About 600 residents of Naisoya area in Narok North Sub County have every reason to smile after the government promised to issue them with title deeds within a 60-day period.
Speaking on Wednesday at a public baraza held at Naisoya health centre, Narok County Commissioner (CC), George Natembeya said the government will end the long standing dispute among the members of the community that had derailed the process of land adjudication in the area.
Wrangles over land started way back in 1990 when the Ntutu led Commission put boundaries of the forest land hence evicting people who had settled in 5, 700 hectares of forest land.
A section of residents have been disputing the decision and despite filing a case in court demanding compensation, their petition was dismissed hence paving way for the land officials to adjudicate the remaining 7, 500 hectares that they owned legally.
“If anyone is still dreaming of going back to the forest land, he or she is completely misguided because the government will never allow that. We are in the process of putting up an electric fence around the forest in a bid to keep off trespassers from the forest,” he said.
Natembeya also blamed the spiritual leaders in the area for misleading the residents in demanding compensation; most of the land committee members were pastors and church elders.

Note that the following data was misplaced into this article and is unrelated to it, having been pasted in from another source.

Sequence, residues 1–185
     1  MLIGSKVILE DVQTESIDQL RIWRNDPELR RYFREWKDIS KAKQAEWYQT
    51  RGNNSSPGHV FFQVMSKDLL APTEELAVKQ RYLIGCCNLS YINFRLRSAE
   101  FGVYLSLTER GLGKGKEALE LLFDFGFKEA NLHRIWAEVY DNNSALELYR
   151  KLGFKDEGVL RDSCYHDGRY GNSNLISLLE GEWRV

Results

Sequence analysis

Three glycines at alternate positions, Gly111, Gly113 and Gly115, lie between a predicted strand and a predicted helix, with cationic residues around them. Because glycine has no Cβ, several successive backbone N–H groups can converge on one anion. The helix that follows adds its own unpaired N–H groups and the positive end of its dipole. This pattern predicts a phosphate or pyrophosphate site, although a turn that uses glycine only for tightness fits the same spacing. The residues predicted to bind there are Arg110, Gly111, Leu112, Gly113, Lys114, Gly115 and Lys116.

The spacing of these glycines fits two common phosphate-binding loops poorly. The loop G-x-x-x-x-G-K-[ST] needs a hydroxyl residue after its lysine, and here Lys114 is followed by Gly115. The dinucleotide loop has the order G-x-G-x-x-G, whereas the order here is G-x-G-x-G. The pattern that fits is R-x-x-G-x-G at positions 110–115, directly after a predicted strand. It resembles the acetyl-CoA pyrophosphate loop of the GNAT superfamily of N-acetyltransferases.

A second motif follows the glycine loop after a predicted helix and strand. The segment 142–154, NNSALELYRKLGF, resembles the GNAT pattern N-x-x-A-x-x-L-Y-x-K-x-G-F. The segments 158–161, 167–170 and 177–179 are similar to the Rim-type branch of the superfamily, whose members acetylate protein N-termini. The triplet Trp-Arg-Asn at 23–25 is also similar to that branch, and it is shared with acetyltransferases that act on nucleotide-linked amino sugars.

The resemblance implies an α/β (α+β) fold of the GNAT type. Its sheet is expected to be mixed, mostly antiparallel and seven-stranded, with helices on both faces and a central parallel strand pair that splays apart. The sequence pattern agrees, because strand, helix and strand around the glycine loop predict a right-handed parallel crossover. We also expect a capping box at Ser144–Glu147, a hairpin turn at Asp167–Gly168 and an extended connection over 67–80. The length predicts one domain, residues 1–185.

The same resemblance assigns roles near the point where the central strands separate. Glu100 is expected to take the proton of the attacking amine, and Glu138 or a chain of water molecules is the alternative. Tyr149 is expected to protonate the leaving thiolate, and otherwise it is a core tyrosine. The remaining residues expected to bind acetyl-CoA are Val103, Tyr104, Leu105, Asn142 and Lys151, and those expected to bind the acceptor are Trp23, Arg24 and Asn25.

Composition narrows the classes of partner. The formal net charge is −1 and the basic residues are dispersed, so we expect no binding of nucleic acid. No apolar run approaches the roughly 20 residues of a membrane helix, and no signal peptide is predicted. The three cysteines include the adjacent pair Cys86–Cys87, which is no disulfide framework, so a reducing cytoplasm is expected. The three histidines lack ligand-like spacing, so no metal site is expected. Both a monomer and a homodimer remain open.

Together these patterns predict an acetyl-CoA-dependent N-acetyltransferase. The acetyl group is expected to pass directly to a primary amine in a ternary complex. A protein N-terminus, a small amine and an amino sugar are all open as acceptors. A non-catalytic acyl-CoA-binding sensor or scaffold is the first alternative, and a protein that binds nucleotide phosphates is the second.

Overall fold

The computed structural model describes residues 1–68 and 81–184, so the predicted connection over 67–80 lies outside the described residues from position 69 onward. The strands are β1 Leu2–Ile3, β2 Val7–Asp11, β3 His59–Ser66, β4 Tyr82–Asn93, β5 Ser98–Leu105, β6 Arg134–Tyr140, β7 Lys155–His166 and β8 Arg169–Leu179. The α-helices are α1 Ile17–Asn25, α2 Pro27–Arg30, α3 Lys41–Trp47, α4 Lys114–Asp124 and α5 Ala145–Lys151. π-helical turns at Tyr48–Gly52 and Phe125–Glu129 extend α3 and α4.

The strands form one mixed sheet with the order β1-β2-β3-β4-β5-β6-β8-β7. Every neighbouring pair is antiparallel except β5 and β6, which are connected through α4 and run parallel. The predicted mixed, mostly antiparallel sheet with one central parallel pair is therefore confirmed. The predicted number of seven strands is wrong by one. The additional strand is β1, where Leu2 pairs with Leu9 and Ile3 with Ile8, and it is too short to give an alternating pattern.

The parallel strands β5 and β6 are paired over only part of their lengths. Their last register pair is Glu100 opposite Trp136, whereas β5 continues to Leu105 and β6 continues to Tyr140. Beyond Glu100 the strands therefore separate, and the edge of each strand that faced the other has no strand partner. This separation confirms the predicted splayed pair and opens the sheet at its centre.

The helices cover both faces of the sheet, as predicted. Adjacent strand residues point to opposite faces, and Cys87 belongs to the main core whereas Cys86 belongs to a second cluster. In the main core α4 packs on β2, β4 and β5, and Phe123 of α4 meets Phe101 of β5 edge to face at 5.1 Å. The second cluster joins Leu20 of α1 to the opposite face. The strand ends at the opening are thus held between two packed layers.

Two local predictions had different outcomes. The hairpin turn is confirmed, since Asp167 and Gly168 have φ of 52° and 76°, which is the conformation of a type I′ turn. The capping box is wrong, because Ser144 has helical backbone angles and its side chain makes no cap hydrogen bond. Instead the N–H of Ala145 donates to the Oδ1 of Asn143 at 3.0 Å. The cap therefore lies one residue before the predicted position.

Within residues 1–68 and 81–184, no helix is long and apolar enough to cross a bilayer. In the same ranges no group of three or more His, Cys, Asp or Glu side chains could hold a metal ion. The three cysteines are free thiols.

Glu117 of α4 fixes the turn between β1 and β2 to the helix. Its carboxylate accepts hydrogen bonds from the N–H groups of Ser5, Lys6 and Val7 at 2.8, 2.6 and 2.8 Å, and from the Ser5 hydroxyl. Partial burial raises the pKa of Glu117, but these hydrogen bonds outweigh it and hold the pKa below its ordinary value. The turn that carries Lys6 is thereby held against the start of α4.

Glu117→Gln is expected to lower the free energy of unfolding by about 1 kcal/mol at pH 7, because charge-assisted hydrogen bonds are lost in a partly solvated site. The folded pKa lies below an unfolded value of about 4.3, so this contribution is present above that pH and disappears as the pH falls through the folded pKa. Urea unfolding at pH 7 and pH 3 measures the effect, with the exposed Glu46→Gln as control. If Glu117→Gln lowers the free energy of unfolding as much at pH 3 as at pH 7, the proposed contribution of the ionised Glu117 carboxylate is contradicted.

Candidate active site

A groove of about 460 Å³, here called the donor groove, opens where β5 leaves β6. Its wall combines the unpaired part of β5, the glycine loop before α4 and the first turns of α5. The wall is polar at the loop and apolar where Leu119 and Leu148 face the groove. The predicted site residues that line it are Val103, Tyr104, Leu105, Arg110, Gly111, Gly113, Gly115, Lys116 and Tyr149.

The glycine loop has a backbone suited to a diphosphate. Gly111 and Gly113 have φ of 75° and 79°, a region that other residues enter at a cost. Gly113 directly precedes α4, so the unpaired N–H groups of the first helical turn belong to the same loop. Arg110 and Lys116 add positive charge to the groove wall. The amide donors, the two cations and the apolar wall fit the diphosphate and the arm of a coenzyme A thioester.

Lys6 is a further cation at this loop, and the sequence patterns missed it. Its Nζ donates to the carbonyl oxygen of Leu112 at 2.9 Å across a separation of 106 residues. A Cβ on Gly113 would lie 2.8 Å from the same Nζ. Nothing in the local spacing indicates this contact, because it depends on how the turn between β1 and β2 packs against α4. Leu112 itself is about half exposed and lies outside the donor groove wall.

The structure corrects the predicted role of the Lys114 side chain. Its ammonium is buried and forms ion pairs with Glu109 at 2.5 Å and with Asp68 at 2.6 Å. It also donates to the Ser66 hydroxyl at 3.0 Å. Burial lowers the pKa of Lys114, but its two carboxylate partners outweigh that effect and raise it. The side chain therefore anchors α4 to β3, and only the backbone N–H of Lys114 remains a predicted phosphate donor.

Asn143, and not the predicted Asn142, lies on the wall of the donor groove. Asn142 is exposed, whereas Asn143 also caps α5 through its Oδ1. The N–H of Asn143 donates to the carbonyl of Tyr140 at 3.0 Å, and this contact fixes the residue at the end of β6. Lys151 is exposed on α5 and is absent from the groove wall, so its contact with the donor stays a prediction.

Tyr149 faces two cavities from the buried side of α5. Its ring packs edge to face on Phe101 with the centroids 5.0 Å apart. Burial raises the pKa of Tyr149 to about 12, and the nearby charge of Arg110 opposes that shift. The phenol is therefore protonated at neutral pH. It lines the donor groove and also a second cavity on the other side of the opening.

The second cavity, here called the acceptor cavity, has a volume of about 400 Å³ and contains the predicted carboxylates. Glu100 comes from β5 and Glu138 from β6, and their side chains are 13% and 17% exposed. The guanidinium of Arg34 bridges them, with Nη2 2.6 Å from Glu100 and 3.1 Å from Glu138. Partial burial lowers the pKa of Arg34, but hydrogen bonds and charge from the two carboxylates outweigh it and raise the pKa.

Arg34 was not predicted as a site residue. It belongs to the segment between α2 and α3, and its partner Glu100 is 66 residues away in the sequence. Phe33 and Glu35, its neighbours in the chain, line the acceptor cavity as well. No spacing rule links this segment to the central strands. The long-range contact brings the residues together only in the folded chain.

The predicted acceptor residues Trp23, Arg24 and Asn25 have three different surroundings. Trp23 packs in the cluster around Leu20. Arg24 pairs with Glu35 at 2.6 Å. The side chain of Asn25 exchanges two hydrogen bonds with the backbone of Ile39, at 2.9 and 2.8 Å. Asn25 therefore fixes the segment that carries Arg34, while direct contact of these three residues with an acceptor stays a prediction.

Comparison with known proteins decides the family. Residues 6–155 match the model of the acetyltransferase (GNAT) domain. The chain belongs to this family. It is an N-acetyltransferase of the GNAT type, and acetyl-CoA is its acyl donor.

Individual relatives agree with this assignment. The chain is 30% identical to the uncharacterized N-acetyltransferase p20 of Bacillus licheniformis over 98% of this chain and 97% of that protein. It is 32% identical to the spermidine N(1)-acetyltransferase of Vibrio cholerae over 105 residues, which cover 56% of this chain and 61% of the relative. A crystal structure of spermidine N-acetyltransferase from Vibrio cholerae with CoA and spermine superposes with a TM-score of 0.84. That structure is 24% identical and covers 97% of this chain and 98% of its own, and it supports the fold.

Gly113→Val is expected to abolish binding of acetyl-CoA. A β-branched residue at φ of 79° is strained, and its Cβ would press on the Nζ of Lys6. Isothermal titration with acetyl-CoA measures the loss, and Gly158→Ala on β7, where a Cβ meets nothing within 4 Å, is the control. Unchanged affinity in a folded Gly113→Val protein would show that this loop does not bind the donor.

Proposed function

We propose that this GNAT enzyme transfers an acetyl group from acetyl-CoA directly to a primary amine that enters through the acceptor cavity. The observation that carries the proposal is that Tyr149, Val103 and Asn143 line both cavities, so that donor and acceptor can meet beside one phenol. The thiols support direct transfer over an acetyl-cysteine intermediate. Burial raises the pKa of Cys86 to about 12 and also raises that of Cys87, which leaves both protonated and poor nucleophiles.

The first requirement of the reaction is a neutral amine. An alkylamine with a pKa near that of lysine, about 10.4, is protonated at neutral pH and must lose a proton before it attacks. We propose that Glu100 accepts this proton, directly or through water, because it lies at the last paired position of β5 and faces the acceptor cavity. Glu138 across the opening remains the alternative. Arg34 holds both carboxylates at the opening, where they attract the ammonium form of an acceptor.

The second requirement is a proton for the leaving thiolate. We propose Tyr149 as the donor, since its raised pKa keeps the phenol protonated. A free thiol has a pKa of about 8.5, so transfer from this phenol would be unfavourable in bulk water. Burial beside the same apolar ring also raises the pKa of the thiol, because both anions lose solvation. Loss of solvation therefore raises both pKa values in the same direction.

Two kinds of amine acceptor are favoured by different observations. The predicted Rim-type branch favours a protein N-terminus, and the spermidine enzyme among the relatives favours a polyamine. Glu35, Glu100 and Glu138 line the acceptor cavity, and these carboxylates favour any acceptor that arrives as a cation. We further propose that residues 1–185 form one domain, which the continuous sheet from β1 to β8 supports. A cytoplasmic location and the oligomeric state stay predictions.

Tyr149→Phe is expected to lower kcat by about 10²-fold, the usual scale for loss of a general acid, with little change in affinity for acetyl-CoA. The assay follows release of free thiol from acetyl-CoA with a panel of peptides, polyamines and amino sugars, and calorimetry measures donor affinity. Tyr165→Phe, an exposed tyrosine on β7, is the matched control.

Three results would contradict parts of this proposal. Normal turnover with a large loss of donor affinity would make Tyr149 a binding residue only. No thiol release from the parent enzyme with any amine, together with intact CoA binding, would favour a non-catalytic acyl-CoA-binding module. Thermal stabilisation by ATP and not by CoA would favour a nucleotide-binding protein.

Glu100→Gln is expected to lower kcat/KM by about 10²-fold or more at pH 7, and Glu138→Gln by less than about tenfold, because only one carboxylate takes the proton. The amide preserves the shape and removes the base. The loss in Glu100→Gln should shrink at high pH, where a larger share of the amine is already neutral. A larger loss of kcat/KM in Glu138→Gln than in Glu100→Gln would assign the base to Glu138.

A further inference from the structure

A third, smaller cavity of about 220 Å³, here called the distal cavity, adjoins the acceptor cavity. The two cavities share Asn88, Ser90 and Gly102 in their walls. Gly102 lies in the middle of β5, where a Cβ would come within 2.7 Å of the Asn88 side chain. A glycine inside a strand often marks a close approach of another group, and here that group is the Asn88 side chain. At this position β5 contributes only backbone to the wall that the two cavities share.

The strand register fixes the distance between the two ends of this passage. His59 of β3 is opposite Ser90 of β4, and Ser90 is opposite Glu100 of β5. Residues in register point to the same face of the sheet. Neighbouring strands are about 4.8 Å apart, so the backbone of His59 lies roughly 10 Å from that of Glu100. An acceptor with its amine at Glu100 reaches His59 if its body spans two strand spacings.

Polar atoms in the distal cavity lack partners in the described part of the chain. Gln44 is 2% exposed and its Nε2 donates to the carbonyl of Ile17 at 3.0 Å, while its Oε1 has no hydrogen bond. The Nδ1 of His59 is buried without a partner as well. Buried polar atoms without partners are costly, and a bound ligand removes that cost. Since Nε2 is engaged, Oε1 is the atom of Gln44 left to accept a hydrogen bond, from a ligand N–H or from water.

“I am shocked that most of the people who are advocating for people to go back to the forest land are spiritual leaders, what kind of leaders are these who are not even kind to their environment. Instead, they should be helping us (the government) educate locals on the importance of conserving the forest,” said Natembeya.
The land that sits adjacent to Maasai Mau forest and is less than 30 kilometers from Narok town is one of the major food baskets of the county as wheat, maize, beans and potatoes do well in the area.
The Narok County Adjudication Officer, Amos Musyoka asked the residents to visit his office to verify their names in the register before the title deeds are processed.
“We are ready to serve you so that you can acquire your land title deeds, but for a long time, our efforts have been crippled by the community who oppose every move we make demanding the forest land to be part of the community land,” said Musyoka.
Last year, the government evicted about 7, 200 people from Kosia part of Maasai Mau forest reclaiming 4,500 hectares of forest land.
By Ann Salaton